Rio Grande News
Kyle Hively recently competed at the Millrose Games in the race-walk event
Thu, Feb. 10, 2011 - [Men's Indoor Track & Field]

Rio Grande --- University of Rio Grande senior track and field athlete Kyle Hively is beginning to make a name for himself in race-walking circles. Hively will use his final semester of eligibility this spring during the outdoor season for Rio Grande track and field.  This fall and winter he has been competing as an amateur athlete in various race-walking events across the country, paying his own way to the events as he tries to secure a future in the sport.

Most recently, Hively, a native of Vinton, Ohio, competed at the 104thMillrose Games in New York City (Jan. 28), which is one of the pinnacles of the sport. He finished 7th (out of seven) in the 1-mile race walk with a time of 6:54.60. The Millrose Games were held at the famed Madison Square Garden. 

"It was a great experience, just experiencing the crowd and the track was like nothing I've raced on before," Hively said. "It was just a great experience."

Hively talked about what was going through his mind as he prepared to compete at one of the great venues in the world. "My mom told me ‘when you get on the track, as you're going around just think about everybody that's been there'," he said. "Just to be there and be in that arena, it was just amazing." 

Hively said that he was pleased with his time. "Yes I was because, you got to understand the track that you're on, it's a banked track and you're going around that thing and the track isn't flat and it's just really hard to race there," he said. "It's not (designed) for fast times, it's just not, it's not a fast track."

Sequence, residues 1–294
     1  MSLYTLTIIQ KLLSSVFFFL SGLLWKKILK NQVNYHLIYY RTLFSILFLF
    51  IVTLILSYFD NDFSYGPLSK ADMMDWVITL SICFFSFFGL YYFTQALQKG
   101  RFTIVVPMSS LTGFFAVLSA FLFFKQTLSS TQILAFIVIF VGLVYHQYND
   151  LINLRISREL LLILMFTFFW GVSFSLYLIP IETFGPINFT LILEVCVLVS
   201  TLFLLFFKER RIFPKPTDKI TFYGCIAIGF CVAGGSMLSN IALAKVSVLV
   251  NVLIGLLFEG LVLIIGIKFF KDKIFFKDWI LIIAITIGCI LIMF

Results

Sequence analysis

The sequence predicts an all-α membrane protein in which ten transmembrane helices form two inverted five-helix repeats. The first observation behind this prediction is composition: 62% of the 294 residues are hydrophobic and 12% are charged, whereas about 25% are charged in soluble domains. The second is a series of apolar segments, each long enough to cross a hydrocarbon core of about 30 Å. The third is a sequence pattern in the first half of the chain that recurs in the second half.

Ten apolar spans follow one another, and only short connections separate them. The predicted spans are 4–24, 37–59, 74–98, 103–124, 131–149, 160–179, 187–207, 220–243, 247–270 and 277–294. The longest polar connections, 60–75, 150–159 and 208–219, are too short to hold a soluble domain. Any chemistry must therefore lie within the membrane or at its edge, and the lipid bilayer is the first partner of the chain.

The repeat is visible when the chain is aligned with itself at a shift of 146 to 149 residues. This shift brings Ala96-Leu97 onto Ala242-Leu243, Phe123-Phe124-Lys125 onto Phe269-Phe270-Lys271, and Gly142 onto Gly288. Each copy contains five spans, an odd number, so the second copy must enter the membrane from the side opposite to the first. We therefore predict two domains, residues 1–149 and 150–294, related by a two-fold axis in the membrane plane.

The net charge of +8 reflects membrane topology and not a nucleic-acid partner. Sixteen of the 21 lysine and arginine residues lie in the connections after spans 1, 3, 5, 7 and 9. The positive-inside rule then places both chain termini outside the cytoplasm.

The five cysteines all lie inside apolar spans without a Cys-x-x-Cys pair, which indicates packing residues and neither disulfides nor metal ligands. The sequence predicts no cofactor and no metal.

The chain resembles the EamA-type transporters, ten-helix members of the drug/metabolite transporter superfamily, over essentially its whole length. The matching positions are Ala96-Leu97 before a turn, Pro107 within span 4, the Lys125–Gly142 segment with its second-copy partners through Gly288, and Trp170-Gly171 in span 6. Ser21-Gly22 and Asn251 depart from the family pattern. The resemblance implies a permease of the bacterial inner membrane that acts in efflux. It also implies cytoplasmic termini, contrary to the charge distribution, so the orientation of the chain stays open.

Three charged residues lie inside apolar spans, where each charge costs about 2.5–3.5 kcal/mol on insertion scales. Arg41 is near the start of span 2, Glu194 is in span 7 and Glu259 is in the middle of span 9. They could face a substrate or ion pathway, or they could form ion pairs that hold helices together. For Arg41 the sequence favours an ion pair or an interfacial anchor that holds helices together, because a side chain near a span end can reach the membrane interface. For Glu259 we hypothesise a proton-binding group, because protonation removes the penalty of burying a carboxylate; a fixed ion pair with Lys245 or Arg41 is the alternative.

Besides Hively and former Rio race-walking standout Matt Boyles, who is now the head cross country coach at Waldorf College in Forest City, Iowa, the only other known Rio Grande athletes to compete at Madison Square Garden was the legendary Bevo Francis led basketball team on December 3, 1953 against Adelphi College. Hively said he was honored to have competed in the same venue as Bevo and the Redmen basketball team of 1953. 

Hively has steadily improved in his three years as a race-walker. Last year, he earned NAIA All-American honors at the NAIA Indoor Meet, finishing 4th in the 3,000-meter race walk with a time of 13:51.99, which was well over a minute better than his top time all season.  He finished 10th in the NAIA indoor meet in 2009 with a time of 14:23.27. Hively was 14th at the NAIA Outdoor Meet in 2009, which covered 5,000-meters.

Once he finishes up his collegiate career, Hively wants to continue competing in race-walking events with an eye toward the United States Olympic Trials in 2012. "I would like to get some financial backing, obviously after my college career, but it does take money and you do need sponsors," he said. "The goal is to get to the Trials for 2012." 

Hively gives a ton a credit for what he has learned to Boyles and Rio Grande head track and field coach Bob Willey. "Between those two coaches, they brought me along, introduced me to race-walking," Hively said. "Boyles was a real big contributor obviously, he gave me the base, the distance and Coach (Willey) threw in the speed this year and it's just made me a whole different athlete from last year, just having everything come together."

Hively has competed in both indoor and outdoor settings with varying degrees of success. He explains the difference between the two. "Indoor, if you don't do the right type of speed early, me personally, you have a lot of trouble with your hips, because the turns are tight," Hively said. "That was one of my concerns with that track (at the Millrose Games) because I've had a few hip problems before."

"It's a little harder to race indoor because of the track and tight turns, but also outdoor it kind of evens out because you have the potential (weather) conditions," he added. "The tight turns do make it hard though." 

Although he has not competed for Rio Grande this year, he will be back on the track competing when the outdoor season commences in late March. 

River States Conference